About 80 percent of the population of Nepal live outside Kathmandu, but 90 percent of the country's doctors are in the capital city. Electricity is spotty, the government is somewhat unstable and average annual income is just $400. So basic telemedicine, driven by cell phones and text messaging, makes sense. Problem is, according to Dr. Victor Patterson, a retired neurologist from Northern Ireland, medical schools both in developing countries and in the West, don't teach telephone-based medicine.
"So how best to make it happen? One way is by teaching it formally in the local medical schools where, in my experience, the medical students are more enthusiastic and knowledgeable than comparable UK medical students," Patterson writes on the Telecare Aware blog.
"Once it is incorporated into the fundament of medicine then they might be able to apply it to develop the necessary care systems for the rural parts of their country.
"Another way is by gathering and publishing data to show how effective telephone medicine can be. This is what we are trying to do by setting up an epilepsy program at Dhulikhel Hospital which uses the telephone to diagnose and follow up patients with epilepsy in the surrounding part of rural Nepal."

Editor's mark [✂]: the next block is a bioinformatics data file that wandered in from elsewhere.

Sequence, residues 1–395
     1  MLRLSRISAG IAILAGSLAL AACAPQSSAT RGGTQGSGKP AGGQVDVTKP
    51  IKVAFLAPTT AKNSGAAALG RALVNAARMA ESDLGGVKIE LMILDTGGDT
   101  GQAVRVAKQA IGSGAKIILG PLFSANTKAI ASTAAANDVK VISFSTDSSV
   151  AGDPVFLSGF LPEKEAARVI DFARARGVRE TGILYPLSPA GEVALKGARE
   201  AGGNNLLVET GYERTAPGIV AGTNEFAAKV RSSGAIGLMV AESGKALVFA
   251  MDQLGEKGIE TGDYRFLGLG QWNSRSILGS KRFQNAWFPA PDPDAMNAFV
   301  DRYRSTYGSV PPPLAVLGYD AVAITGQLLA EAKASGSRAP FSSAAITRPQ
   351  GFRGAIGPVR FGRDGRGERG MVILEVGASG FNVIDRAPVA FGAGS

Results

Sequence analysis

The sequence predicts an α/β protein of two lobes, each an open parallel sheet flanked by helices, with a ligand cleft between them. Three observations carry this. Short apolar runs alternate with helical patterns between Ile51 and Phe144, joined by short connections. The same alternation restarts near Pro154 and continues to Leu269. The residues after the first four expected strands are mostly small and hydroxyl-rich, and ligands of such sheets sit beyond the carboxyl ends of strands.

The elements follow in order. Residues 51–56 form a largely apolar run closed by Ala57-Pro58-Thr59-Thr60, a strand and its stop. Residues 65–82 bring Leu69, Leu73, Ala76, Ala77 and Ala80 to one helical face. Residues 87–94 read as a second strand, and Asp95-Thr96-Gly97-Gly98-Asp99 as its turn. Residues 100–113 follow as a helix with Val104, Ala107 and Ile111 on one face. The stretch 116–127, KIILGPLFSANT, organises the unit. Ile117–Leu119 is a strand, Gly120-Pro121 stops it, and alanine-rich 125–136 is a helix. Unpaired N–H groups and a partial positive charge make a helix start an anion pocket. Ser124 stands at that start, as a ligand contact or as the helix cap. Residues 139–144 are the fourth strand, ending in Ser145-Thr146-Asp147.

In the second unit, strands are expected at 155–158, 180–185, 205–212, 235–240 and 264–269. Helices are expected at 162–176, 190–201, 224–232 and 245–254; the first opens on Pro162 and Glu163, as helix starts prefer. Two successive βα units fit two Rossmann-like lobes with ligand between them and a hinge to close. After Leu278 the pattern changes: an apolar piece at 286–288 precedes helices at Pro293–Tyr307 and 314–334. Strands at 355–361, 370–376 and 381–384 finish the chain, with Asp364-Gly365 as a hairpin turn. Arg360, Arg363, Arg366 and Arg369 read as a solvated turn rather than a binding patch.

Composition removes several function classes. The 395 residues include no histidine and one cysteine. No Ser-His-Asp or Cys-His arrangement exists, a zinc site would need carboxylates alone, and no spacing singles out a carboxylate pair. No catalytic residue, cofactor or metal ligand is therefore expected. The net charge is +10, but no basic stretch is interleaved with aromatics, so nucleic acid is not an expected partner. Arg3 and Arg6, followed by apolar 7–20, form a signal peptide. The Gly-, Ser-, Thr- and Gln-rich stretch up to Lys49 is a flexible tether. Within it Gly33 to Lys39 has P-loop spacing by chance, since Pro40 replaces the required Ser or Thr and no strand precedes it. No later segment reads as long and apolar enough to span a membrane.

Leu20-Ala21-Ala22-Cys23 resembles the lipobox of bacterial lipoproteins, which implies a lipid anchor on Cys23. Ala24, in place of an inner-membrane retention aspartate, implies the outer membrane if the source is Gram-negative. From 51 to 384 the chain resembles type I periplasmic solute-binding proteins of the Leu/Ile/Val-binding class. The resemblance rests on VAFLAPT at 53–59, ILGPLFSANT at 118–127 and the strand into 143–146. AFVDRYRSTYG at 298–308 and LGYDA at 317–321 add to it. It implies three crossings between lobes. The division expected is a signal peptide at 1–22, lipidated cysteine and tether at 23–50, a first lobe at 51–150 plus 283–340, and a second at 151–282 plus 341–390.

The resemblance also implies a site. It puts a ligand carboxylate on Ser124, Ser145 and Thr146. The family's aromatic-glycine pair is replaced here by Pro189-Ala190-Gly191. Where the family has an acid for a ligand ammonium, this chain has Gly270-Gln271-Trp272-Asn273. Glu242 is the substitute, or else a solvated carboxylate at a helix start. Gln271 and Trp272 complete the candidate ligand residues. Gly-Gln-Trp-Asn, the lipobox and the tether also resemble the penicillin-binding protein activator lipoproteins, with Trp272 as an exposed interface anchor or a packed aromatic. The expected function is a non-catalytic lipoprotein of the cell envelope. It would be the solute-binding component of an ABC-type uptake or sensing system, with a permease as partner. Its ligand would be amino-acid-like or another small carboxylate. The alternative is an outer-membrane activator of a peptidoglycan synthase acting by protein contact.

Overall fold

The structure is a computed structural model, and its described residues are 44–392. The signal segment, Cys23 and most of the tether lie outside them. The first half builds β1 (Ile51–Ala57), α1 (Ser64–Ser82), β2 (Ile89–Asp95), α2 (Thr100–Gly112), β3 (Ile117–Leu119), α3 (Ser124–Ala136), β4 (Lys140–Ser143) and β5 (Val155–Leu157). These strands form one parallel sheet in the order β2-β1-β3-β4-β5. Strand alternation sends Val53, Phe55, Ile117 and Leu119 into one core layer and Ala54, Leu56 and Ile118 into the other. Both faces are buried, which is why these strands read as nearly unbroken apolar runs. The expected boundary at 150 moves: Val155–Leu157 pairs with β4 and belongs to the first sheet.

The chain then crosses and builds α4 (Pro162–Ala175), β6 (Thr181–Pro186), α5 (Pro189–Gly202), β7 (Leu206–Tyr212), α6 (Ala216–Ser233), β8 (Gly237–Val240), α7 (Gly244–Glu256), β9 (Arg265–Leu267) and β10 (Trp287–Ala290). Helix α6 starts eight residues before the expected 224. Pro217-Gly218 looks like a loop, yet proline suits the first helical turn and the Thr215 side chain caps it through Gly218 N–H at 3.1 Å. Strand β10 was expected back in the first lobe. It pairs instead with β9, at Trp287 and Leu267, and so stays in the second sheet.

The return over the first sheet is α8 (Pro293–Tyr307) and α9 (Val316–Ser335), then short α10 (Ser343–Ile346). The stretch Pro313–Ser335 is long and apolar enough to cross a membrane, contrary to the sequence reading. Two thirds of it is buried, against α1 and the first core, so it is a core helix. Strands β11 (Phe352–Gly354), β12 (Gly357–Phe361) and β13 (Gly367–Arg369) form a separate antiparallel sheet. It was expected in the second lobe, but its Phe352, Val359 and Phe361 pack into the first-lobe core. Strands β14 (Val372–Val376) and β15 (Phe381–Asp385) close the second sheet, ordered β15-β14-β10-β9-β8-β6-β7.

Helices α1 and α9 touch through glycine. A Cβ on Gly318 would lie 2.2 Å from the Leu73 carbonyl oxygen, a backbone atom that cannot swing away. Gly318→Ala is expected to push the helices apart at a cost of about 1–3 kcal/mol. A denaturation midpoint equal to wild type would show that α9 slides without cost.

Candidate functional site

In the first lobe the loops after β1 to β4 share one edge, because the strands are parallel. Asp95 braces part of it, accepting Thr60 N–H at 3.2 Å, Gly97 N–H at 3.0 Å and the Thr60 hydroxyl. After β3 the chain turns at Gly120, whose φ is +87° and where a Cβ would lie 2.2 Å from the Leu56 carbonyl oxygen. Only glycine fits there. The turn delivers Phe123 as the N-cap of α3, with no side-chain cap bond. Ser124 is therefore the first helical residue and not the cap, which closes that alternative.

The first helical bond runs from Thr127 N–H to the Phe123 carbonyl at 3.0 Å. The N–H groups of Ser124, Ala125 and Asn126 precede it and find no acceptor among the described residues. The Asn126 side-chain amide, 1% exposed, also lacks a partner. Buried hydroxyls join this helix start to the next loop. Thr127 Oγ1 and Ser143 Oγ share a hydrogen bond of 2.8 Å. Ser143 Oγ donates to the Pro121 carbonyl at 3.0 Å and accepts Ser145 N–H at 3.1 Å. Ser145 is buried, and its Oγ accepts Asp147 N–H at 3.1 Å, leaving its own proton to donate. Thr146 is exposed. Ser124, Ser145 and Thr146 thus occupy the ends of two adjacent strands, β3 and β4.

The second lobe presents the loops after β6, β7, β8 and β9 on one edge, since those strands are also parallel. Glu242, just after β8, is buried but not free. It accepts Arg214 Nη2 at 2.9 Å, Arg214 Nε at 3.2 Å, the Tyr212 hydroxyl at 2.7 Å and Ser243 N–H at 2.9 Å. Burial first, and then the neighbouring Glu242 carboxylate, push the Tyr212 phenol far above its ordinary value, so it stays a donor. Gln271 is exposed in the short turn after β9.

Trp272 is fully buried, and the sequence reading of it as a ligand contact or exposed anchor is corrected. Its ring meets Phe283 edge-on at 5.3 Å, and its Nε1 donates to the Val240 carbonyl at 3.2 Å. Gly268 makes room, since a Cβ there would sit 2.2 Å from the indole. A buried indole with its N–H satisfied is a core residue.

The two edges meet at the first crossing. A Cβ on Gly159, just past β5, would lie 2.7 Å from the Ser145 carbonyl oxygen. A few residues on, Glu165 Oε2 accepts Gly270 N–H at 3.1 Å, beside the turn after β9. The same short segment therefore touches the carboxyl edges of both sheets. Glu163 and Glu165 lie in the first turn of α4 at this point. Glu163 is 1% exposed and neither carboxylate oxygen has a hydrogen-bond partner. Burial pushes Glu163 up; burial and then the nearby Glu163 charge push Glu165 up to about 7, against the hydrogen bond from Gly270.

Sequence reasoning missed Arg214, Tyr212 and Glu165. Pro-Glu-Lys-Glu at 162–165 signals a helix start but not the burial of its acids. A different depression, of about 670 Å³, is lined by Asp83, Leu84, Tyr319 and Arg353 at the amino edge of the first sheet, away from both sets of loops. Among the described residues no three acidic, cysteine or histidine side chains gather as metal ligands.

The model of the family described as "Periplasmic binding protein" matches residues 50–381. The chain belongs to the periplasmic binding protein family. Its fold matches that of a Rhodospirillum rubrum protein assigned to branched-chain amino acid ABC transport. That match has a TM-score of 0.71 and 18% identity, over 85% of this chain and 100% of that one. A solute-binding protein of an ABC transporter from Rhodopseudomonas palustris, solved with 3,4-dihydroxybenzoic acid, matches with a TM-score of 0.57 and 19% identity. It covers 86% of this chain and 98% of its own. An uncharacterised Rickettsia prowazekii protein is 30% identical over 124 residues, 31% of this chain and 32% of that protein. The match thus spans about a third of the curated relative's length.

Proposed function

Some Western universities are taking steps to push cell phone-based telemedicine in low-resource countries. A couple of weeks ago, the UCLA Center for Children and Families announced that it is joining with technology vendor DPS Health and a women's health program in South Africa to study how text messaging can provide support to poor women with type 2 diabetes.
And the International Telecommunication Union has put out a report on mobile healthcare and telemedicine in developing countries.